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Revealing Space

All Blues’ Flagship Store

"Our approach to the whole design – the floor, the curtains, the mirror display – is an attempt to reveal the space rather than add to it.”

Founded in 2010 by school friends Jacob Skragge and Fredrik Nathorst, All Blues creates jewellery from recycled sterling silver and gold vermeil. A decade later, the pair secured the ideal location for their first flagship store: a 19th century building at the end of Stockholm’s Birger Jarlsgatan. “We’ve been dreaming about opening our own store for quite some time,” says Skragge. “This was the first space that made us feel we would not need to compromise on our vision.” The age of the building, which dates to 1893, was a key part of its appeal. “We were immediately drawn to the building’s history,” says Nathorst. “Retail spaces are often very new and flashy, but we wanted to find somewhere that already had a lot of character, which we could embrace in our design.”

Skragge and Nathorst enlisted another school friend of theirs, architect Jack Dalla Santa, to design the store with them, along with All Blues graphic designer Linnea Mesko. The walls are the focus of the space: an unobstructed swathe of patinated raw plaster. Rather than having a full plan from the outset, the team gradually uncovered the wall texture during the renovation. “When we started the project, the space had a mezzanine floor and lots of doors and cables running everywhere,” says Mesko. “We started by demolishing everything and stripping the walls back to the plaster, just before the brick. It was important for us to see something old and beautiful in the store.”

A polished terrazzo floor runs below the double height ceiling, and diaphanous white drapes conceal the bustle of the street behind the tall windows, filtering softened, tranquil light into the space. “We cast the floor in place with a two centimetre gap from the wall,” says Dalla Santa. “The separation makes the walls seem even more precious in a way.” Nathorst adds, “Everything in the store is separate from the walls. There’s no shelving, nothing leans against them. They have so many interesting imperfections and textures, it was important for us not to add any more personality to them. Our approach to the whole design – the floor, the curtains, the mirror display – is an attempt to reveal the space rather than add to it.”

The store’s interior is limited to three structures: a 1.3 tonne glass house, acting as a vast display cabinet; a steel bar where the team can interact with their clients, and a mirror column that creates a series of changing booths. “We wanted to choreograph the retail space and encourage a sense of movement,” says Nathorst. “The experience of buying jewellery in a store can be quite static and stale. Jewellery must be locked behind glass, so stores often have lots of small display cabinets. The customer enters, asks to see something, and the salesperson comes over with a key to open the cabinet; then this strange situation unfolds where the salesperson ends up hovering next to the customer while they look at the item. We wanted to inject some movement into that experience, creating a dynamic relationship between our team and the customer. People can walk around the glass house, browsing the designs inside; once they find one they’d like to look at, our team can go to the back of the store and bring the piece to the steel bar, where they can discuss it in more detail. There is a playfulness and flow to the whole experience.”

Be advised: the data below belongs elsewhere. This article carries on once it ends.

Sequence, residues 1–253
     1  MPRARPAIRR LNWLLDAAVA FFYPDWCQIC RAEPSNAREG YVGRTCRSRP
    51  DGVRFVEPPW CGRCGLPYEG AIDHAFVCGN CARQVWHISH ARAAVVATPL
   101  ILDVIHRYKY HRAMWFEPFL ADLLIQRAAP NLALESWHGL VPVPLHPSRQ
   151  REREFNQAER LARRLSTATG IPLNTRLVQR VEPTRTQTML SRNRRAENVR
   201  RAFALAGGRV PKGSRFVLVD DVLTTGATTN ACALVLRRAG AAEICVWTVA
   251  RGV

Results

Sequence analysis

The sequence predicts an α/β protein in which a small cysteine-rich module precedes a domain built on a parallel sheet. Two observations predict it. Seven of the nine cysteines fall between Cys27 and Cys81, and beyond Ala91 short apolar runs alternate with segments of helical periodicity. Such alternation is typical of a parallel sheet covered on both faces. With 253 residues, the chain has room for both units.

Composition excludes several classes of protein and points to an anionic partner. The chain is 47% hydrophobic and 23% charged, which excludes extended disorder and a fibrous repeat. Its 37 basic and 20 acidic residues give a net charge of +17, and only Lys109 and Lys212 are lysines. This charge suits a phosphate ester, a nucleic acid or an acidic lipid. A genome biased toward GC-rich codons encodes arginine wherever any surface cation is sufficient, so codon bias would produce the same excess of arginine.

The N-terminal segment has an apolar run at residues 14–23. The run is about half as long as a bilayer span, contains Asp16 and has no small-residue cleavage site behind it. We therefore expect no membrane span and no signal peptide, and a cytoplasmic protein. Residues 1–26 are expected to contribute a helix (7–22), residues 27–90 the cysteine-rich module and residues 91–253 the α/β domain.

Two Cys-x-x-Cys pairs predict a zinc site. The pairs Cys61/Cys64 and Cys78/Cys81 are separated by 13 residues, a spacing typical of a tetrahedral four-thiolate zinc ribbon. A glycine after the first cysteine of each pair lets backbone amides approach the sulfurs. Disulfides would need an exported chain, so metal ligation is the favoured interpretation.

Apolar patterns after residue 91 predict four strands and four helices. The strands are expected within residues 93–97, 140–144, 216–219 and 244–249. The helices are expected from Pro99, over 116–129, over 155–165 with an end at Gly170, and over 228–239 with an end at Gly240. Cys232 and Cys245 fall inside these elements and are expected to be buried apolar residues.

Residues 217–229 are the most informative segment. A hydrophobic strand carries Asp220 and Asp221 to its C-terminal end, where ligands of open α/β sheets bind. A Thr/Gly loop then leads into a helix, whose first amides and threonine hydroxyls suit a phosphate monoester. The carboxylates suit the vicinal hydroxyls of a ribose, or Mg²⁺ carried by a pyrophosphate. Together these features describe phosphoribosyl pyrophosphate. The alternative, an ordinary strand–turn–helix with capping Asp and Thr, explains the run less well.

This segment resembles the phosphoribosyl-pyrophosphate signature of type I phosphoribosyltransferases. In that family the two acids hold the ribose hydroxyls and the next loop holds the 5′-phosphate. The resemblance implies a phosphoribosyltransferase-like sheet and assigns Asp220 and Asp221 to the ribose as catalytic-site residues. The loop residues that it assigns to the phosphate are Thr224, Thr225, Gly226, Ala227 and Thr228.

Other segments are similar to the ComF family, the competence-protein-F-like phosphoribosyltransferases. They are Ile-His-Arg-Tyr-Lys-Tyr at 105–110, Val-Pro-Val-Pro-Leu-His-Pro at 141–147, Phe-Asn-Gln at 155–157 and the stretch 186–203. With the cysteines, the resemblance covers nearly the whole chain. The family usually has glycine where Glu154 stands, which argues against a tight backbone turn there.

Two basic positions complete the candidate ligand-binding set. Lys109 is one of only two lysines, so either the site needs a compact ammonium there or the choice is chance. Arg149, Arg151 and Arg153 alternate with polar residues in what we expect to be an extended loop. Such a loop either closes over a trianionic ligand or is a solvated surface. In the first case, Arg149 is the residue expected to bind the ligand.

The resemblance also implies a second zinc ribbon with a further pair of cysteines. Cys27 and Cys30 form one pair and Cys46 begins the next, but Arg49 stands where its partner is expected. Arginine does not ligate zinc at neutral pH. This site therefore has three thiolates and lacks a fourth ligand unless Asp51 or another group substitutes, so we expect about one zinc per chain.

The flagship store, which opened its doors on 20 November 2020, allows All Blues to regularly engage face-to-face with their customers for the first time. “We’ve been doing direct e-commerce with our clients for many years, but we’ve never been able to put a face to them like this before,” says Skragge. “It’s lovely to have this platform to meet with them with an open mind; I think we will learn a lot in the coming months.” Nathorst says, “Our customers are very kind and thoughtful people. I think it has a lot to do with the fact that jewellery is often bought as a gift, whether for yourself or for someone else. We hear so many stories where our products have become a symbol for something we could never have imagined. One couple who came by the store were almost in tears as they told us the husband had gifted the wife a pair of All Blues Mother Earrings to celebrate the birth of their second child – one to symbolise each child. We love to receive these insights into people’s lives.”

“Even when buying jewellery for yourself, you expose yourself so much more than if you were buying a jacket,” says Skragge. “It’s a more naked way of shopping. Jewellery is connected to you – it lies against your skin. And it is functionless, which means it is entirely about expressing who you are as a person.” This understanding of the vulnerability around jewellery is partly what makes All Blues so approachable. “Many of our clients are buying jewellery for the first time,” says Mesko. “They often say they didn’t like jewellery until they found our brand and thought it could be something for them. That is such an amazing thing for us to hear. We hope everyone – all ages, gender identities, races – feels welcomed by us.”

Revealing Space
Revealing Space
Revealing Space
Revealing Space
Revealing Space

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